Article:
Household energy use accounts for nearly one-fourth of all energy consumed in the United States, amounting to more than $200 billion per year spent by consumers. Recent increases in energy prices have heightened consumers' interest in making their households more energy efficient. To this end, the federal government manages two key efforts--EnergyGuide and Energy Star--to inform consumers about the energy consumed by certain household products. EnergyGuide is a mandatory labeling program created under the Energy Policy and Conservation Act of 1975 (EPCA) and administered by the Federal Trade Commission (FTC) with assistance from the Department of Energy (DOE). It requires manufacturers to label and prominently display information about the energy consumption and annual energy costs of 11 categories of household products. In recent years, manufacturers have used adhesive backed labels adhered to appliances and so-called "hang tags" loosely attached to the interior or exterior of appliances. In its August 2007 revisions to the rule, FTC, among other things, prohibited the use of hang tags on the exterior of appliances, but continues to allow them on the inside. The law requires retailers to provide this information in catalogs offering products for sale. In 2000, FTC interpreted its authority over catalogs to encompass Web sites and required retailers to provide the same information on Web sites where consumers may purchase such products. The law prohibits retailers from removing labels placed by manufacturers or making them illegible. Also, EPCA requires DOE, in consultation with FTC, to study new product categories to determine whether they should be added to the EnergyGuide program and to report annually on the energy savings of the program. Energy Star is a voluntary labeling program created in response to the Clean Air Act amendments of 1990, and the Energy Policy Act of 1992 and jointly administered by the Environmental Protection Agency (EPA) and DOE. In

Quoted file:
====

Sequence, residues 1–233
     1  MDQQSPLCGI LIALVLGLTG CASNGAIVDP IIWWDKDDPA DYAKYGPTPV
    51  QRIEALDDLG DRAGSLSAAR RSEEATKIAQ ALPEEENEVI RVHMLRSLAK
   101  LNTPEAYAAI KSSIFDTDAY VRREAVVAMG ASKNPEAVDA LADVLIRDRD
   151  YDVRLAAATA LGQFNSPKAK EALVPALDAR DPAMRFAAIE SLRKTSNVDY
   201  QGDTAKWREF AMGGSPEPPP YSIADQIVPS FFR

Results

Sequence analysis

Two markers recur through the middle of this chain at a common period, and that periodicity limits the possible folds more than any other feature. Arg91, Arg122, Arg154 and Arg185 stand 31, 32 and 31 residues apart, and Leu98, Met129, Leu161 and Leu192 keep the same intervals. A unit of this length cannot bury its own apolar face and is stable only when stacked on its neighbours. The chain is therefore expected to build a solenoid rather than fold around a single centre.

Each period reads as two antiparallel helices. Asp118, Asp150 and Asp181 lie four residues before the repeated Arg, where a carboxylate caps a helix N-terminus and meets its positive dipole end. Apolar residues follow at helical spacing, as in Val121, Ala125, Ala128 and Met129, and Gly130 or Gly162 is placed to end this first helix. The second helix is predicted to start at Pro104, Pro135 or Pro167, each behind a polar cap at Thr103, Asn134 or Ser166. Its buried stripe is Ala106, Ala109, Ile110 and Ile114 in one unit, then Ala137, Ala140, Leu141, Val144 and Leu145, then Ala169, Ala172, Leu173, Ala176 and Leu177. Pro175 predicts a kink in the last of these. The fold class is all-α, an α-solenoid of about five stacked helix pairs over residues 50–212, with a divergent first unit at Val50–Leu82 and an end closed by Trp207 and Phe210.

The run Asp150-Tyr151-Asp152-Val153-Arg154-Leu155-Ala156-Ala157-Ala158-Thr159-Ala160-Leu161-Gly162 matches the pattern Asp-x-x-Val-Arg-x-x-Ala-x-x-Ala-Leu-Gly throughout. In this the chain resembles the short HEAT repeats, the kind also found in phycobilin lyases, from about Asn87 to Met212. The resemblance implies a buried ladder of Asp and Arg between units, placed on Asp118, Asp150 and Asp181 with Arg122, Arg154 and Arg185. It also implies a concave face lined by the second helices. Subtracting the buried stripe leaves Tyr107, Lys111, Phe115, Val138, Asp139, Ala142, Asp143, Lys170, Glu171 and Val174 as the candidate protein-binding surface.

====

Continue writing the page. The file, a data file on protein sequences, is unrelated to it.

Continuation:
general, it is designed to identify models for 26 categories of household products that, without sacrificing performance, are the most energy efficient (the top 25 percent). Manufacturers are permitted to apply the Energy Star logo to products that the manufacturers identify are qualified, based on EPA or DOE criteria. Standards for internal control in the federal government require federal agencies, including FTC, EPA, and DOE, to establish goals, measure performance, and report program costs and accomplishments in order to improve management and program effectiveness. In this context, Congress asked us to analyze the EnergyGuide and Energy Star programs to determine (1) how these programs have changed over time, (2) how federal agencies verify the accuracy of the energy consumption estimates for household products covered by these programs, (3) the actions federal agencies take to ensure that the EnergyGuide is available to consumers and that the Energy Star logo is not misused, and (4) how federal agencies measure the effectiveness and cost of these programs.